There is a real, robust signal that indicates whatever is going on in the DAMA dark matter detector increases to 102% of peak amplitude and decreases to 98% of peak amplitude periodically, with a periodicity of one year. Whether this is due to dark matter or any other signal is unknown, as this experiment cannot account for the origin and magnitude of its background signal. (DAMA COLLABORATION, FROM EUR.PHYS.J. C56 (2008) 333–355 (TOP) AND DAMA/LIBRA COLLABORATION FROM EUR.PHYS.J. C67 (2010) 39–49 (BOTTOM))

Now, here’s the real question: is this annual modulation evidence for dark matter? Despite what the experiment’s proponents claim, we cannot claim that this is so. The signal strength we see is of the wrong magnitude to equate with 100% of the signal arising from dark matter, or from dark matter plus an expected background. Other, independent experiments disfavor the dark matter interpretation of DAMA’s signal. Until we understand the origin and composition of the background — which we do not, at present — we cannot claim we understand the observed signal atop it.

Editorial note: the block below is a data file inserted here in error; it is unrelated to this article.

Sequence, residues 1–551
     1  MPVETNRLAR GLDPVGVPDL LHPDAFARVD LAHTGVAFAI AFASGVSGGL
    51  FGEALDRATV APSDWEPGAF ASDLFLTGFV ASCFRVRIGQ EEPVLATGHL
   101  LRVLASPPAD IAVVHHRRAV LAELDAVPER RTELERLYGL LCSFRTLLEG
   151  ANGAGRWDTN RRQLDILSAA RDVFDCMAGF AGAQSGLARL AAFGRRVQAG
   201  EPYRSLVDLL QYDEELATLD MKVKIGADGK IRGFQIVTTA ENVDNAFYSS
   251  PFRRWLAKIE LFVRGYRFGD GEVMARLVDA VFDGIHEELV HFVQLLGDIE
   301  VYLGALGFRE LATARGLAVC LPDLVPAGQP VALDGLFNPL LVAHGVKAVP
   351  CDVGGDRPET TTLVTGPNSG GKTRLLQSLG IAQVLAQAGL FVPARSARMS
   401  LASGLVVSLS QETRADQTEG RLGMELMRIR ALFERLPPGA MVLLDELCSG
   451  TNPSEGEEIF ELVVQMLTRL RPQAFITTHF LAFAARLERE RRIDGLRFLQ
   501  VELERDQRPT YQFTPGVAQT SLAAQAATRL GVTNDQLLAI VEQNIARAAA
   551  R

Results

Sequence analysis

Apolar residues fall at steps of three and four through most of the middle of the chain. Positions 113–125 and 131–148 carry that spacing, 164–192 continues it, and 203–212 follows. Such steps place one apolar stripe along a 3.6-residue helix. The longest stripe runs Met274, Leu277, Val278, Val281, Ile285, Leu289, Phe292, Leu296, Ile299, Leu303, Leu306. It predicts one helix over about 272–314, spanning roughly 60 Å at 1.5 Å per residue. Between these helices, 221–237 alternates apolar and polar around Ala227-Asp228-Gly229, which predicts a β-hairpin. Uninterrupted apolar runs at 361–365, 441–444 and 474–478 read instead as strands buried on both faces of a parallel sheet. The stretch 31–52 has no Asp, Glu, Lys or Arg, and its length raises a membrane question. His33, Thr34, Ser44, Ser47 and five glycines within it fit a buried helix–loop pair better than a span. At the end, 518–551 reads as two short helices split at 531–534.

It would be interesting, though, if this led to a model of dark matter that could be tested by another, independent experiment. While that hasn’t come to fruition in this instance, there is another area of investigation that might prove more fruitful: the fact that neutrons, when you measure them in two different fashions, live for different amounts of time.